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1960 Winter Olympics

VIII Olympic Winter Games
The emblem represents a star or snowflake, and the Olympic rings.
Host city Squaw Valley, California, United States
Nations participating 30
Athletes participating 665
(521 men, 144 women)
Events 27 in 4 sports (8 disciplines)
Opening ceremony 18 February
Closing ceremony 28 February
Officially opened by Richard Nixon
Vice President of the United States of America
Athlete's Oath Carol Heiss
Olympic Torch Ken Henry
Stadium Blyth Arena
A map of the United States with Squaw Valley in the middle west coast.
A map of the United States with Squaw Valley in the middle west coast.
Squaw Valley
Location of Squaw Valley in California (USA)
Squaw<br>Valley is located in United States
Location in the United States

The 1960 Winter Olympics was a winter bobsled events did not warrant the cost to build a venue, so for the first and only time bobsled was not on the Winter Olympic program. The Soviet Union dominated the medal count winning twenty-one medals, seven of which were gold. Soviet speed skaters Yevgeny Grishin and Lidiya Skoblikova won two gold medals each. Swedish cross-country skier Sixten Jernberg added a gold and silver to the four medals he won at the 1956 Winter Games.

Cold War politics forced the IOC to debate the participation of China, Taiwan, North Korea and East Germany. In 1957 the United States government threatened to deny visas to athletes from Communist countries. The IOC responded with a threat to revoke Squaw Valley's right to host the 1960 Games. The United States conceded and allowed entry to athletes from Communist countries.


  • Host city selection 1
  • Organization 2
    • Television 2.1
  • Politics 3
  • Events 4
    • Opening ceremonies 4.1
    • Ice hockey 4.2
    • Cross-country skiing 4.3
    • Biathlon 4.4
    • Nordic combined 4.5
    • Ski jumping 4.6
    • Figure skating 4.7
    • Speed skating 4.8
    • Alpine skiing 4.9
    • Closing ceremonies 4.10
  • Calendar 5
  • Venues 6
  • Participating nations 7
  • Medal count 8
  • See also 9
  • References 10
  • Print References 11
  • External links 12

Host city selection

Squaw Valley was a struggling ski resort with minimal facilities, which made its selection to host the 1960 Winter Olympics a surprise.[1][2] Wayne Poulsen and Alexander Cushing, who were inspired to an Olympic bid by a newspaper article mentioning that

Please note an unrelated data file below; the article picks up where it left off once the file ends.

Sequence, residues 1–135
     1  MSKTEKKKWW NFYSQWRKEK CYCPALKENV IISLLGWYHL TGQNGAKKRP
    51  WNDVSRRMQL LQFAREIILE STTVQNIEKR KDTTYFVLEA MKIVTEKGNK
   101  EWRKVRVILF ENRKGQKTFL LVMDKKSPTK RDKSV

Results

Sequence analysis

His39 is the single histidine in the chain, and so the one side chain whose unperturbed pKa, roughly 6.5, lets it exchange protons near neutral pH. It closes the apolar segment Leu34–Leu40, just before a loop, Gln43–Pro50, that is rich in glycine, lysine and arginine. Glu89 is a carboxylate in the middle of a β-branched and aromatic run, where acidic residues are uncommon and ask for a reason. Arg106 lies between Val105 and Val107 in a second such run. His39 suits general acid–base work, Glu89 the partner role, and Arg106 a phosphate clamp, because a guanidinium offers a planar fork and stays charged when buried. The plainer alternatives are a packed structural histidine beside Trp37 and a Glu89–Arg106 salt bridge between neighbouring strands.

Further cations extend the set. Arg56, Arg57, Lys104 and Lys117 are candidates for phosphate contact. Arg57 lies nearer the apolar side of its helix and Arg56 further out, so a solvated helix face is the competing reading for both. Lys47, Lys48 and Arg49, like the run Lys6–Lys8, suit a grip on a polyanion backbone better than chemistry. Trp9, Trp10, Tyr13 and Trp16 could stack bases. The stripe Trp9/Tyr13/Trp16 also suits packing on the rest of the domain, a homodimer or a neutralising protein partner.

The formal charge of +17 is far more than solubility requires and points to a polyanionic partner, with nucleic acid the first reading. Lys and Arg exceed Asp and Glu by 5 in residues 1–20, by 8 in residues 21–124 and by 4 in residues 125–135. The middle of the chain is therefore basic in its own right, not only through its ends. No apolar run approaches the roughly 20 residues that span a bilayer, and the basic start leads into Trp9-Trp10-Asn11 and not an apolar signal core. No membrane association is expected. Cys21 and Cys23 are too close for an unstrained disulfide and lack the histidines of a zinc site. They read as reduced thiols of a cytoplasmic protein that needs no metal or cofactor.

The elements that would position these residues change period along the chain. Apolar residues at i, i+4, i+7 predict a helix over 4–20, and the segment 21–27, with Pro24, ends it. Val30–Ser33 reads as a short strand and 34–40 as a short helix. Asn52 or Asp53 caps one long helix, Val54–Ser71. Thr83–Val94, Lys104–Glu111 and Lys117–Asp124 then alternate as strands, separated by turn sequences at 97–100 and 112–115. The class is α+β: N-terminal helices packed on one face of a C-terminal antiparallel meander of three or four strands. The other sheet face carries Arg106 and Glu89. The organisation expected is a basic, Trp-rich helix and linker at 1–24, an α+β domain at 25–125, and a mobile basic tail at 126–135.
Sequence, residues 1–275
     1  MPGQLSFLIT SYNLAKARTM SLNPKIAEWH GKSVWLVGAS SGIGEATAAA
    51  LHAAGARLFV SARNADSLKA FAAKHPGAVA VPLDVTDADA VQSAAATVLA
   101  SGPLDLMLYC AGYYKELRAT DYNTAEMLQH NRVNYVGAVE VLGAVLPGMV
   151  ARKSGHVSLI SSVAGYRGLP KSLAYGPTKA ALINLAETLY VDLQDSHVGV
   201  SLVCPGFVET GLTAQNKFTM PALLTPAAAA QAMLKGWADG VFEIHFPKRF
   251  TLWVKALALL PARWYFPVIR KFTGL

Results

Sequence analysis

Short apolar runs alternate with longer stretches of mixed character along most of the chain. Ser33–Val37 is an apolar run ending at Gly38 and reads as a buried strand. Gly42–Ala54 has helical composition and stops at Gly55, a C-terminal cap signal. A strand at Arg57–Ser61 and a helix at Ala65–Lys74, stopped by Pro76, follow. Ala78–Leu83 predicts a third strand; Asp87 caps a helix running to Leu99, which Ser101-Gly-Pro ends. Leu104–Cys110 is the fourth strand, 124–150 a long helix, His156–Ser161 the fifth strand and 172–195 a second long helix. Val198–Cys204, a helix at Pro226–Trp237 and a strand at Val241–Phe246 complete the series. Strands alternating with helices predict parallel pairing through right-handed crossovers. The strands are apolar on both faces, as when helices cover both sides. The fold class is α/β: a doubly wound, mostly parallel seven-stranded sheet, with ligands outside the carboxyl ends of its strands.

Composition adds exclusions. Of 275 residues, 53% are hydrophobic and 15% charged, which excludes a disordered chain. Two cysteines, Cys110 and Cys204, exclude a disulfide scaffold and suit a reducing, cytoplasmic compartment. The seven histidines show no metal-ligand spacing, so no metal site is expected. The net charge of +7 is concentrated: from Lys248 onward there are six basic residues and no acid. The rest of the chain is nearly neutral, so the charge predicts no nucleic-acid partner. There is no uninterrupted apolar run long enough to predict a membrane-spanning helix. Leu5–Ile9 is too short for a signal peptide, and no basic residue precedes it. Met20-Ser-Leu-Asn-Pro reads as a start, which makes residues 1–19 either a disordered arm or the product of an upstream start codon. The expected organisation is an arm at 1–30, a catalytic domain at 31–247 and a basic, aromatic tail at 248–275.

Preceded by
Cortina D'Ampezzo
Winter Olympics
Squaw Valley

VIII Olympic Winter Games (1960)
Succeeded by

  • Bill Briner Photo Collection of the 1960 Games
  • Clip of US vs USSR ice hockey match on YouTube
  • The program of the 1960 Squaw Valley Winter Olympics
  • 1960 Winter Olympics Official Report

External links

Print References

  1. ^ a b
  2. ^ a b c d e f Findling & Pelle (2004), p. 338.
  3. ^ a b c
  4. ^ a b Squaw Valley Organizing Committee (1960), p. 19.
  5. ^ Squaw Valley Organizing Committee (1960), pp. 19–20.
  6. ^ Squaw Valley Organizing Committee (1960), p. 20.
  7. ^ a b c d e
  8. ^ IOC Vote History
  9. ^ a b c d Findling & Pelle (2004), p. 339.
  10. ^ Squaw Valley Organizing Committee (1960), pp. 27–28.
  11. ^ a b
  12. ^ a b
  13. ^
  14. ^ Toohey and Veal (2008), p. 71.
  15. ^ a b
  16. ^
  17. ^ Squaw Valley Organizing Committee (1960), p. 73.
  18. ^ a b Espy (1979), p. 61.
  19. ^
  20. ^ Espy (1979) pp. 61–62.
  21. ^ Espy (1979), pp. 62–63.
  22. ^ Espy (1979), pp. 66–67.
  23. ^ Espy (1979), p. 67.
  24. ^ Squaw Valley Organizing Committee (1960), pp. 53–55.
  25. ^
  26. ^ Squaw Valley Organizing Committee (1960), p. 53.
  27. ^ Squaw Valley Organizing Committee (1960), p. 55.
  28. ^ a b c d Squaw Valley Organizing Committee (1960), p. 121.
  29. ^ Caraccioli (2006), p. 48.
  30. ^ Caraccioli (2006), p. xvii.
  31. ^ a b
  32. ^
  33. ^ a b
  34. ^
  35. ^
  36. ^
  37. ^ a b c d
  38. ^
  39. ^ Crego (2003), p. 132.
  40. ^ Crego (2003), pp. 132–133.
  41. ^
  42. ^ a b
  43. ^
  44. ^
  45. ^ a b
  46. ^
  47. ^
  48. ^ a b c
  49. ^
  50. ^
  51. ^
  52. ^
  53. ^
  54. ^
  55. ^ a b
  56. ^
  57. ^
  58. ^ a b
  59. ^ The Greek flag honored Greece as the originators of the Olympic Games, the United States flag represented the host nation and the Austrian flag was raised because Innsbruck, Austria had been selected to host the 1964 Winter Games.
  60. ^ Squaw Valley Organizing Committee (1960), pp. 59–60.
  61. ^ Squaw Valley Organizing Committee (1960), pp. 54–59.
  62. ^ Squaw Valley Organizing Committee (1960), pp. 124–135.
  63. ^ Squaw Valley Organizing Committee (1960), pp. 137–151.
  64. ^ Squaw Valley Organizing Committee (1960), pp. 153–159.
  65. ^ Squaw Valley Organizing Committee (1960), pp. 100–102.
  66. ^ Squaw Valley Organizing Committee (1960), pp. 115–117.
  67. ^ Squaw Valley Organizing Committee (1960), p. 106.
  68. ^ Squaw Valley Organizing Committee (1960), pp. 105–106.
  69. ^ Squaw Valley Organizing Committee (1960), p. 120.
  70. ^ a b Squaw Valley Organizing Committee (1960), p. 33.
  71. ^ Squaw Valley Organizing Committee (1960), p. 93.
  72. ^ Squaw Valley Organizing Committee (1960), p. 103.
  73. ^ Squaw Valley Organizing Committee (1960), pp. 109–118.
  74. ^ The alternate site for ice hockey and speed skating was the Squaw Valley Olympic skating rink, which was an outdoor venue with artificial ice.